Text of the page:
Harry Ridgway’s review published on Letterboxd:
Everybody has that film they watch on Christmas Eve religiously (no pun intended). For some it's Home Alone. For others it's Die Hard. But whilst these films are beyond excellent, I always watch The Polar Express. I think I'm in the minority here when I say that The Polar Express is my favourite Christmas film. I find that it encapsulates the feeling and the spirit that exists at this time of year like no other movie. I really connected with the young boy, facing the dilemma weather Santa is a man or a myth. We all had that moment, and just like this boy, I used to lay awake anxiously at night just to hope in hearing a noise or even catching a glimpse of St. Nick himself. It's a magical film and there's nothing better than getting that warm, fuzzy feeling and tears in my eyes as the credits roll, and suddenly realizing it's past 12am.
I understand the complaints about this film, and they're all totally valid. It being too melodramatic or the animation looking rather frightening. But, even though, like I said, these are all reasonable complaints, I love these qualities. Sure, it does get sappy towards the end, but It's that kind of sap that you can't help but adore and get fully involved in. And if you ask me, I think the animation is revolutionary. The motion capture was freakishly real, which helped me connect with the characters even more. And it left me in awe at times, with the extensive facial expressions and the marvelous voice acting to accompany it, it's hard for me not to be bedazzled.
There's a great layer of mystery to the film. Of course involving the existence of Santa, but also with the abandoned streets at the North Pole. It gets a little creepy at times, but this just makes the mystery more interesting and gives the film an absorbing atmosphere.
I just can't stress enough how brilliant the visuals are in the film - there are sequences that literally made my jaw drop. Some of my favourites are the train drifting across the ice, the skiing on top of the train, the floating ticket (reminsicent of the floating feather in an earlier Zemeckis film) and the whole North Pole adventure. Spectacular.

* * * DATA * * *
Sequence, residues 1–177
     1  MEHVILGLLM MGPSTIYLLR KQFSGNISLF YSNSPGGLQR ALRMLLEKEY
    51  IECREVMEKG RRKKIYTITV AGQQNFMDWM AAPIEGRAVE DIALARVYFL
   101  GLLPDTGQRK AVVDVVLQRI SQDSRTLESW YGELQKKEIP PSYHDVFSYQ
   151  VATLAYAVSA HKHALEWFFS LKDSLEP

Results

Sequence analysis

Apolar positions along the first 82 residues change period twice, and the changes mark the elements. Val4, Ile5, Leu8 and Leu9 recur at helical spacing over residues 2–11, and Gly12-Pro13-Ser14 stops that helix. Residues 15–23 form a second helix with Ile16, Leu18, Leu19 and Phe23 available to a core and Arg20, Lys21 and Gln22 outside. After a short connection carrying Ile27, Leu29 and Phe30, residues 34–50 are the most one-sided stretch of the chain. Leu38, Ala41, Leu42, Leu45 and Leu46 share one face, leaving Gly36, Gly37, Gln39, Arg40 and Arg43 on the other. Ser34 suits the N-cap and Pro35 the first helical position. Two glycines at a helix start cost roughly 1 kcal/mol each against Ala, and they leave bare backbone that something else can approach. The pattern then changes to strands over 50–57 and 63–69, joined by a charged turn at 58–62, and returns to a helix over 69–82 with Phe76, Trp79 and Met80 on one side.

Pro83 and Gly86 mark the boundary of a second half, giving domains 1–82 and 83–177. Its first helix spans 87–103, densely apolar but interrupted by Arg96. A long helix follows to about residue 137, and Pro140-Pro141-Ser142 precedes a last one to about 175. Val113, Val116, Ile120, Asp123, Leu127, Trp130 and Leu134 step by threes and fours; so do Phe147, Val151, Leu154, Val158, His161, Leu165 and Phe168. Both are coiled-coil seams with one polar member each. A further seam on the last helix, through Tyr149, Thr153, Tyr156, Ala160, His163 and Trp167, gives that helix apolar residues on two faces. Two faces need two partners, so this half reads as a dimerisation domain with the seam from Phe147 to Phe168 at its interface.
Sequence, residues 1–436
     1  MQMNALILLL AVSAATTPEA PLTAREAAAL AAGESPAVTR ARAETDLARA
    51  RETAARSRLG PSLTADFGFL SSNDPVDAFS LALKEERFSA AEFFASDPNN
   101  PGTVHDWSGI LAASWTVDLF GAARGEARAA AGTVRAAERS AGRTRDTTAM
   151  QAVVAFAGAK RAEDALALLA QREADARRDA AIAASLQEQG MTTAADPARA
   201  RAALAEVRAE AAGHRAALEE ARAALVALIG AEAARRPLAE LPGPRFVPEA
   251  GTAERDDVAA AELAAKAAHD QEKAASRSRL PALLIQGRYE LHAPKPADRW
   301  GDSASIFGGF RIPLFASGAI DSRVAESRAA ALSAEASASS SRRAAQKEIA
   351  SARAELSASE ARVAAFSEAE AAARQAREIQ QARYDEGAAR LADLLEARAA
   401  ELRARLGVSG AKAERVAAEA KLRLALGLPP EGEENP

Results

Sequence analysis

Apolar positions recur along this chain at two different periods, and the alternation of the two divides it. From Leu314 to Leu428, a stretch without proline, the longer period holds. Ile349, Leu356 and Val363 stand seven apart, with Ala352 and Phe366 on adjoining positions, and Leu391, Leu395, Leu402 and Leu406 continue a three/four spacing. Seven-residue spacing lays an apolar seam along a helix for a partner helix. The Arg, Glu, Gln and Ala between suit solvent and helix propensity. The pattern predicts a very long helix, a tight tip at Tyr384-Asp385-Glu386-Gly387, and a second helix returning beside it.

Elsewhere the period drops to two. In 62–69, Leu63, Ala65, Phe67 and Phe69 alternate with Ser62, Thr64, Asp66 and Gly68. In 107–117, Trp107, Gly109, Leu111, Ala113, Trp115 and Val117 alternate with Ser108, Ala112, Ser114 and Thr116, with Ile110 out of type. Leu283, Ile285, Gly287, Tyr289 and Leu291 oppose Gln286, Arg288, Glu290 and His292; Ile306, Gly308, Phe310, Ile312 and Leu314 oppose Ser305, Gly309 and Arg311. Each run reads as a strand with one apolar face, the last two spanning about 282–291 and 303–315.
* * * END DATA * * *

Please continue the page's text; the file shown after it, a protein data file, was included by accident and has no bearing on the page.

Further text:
The voice acting from the cast of Tom Hanks, Tom Hanks, Tom Hanks, Tom Hanks, Tom Hanks, Tom Hanks, Tom Hanks and Josh Hutcherson was extremely impressive. Hanks did some brilliant work not just vocally but with the motion capture as well. The fact that he performed that little boy's facial expressions and convinced me it was a child doing the work was remarkable. Not a weak link in the cast as well.
The score by Alan Silvestri is filled with wonder and magic. Just hearing it makes me think of the spirit of Christmas, which is exactly what was asked for. And sure, every now and then it may sound a tad like the Edward Scissorhands soundtrack, but this is still a remarkable piece of work. Some of the emotional moments definitely wouldn't have worked as well with a weaker soundtrack.
Once again, this is my favourite Christmas film and one that will be part of my Christmas eve tradition for a very long time.
P.S. Elves with Boston accents should be a thing
P.P.S Tom Hanks was the original drift king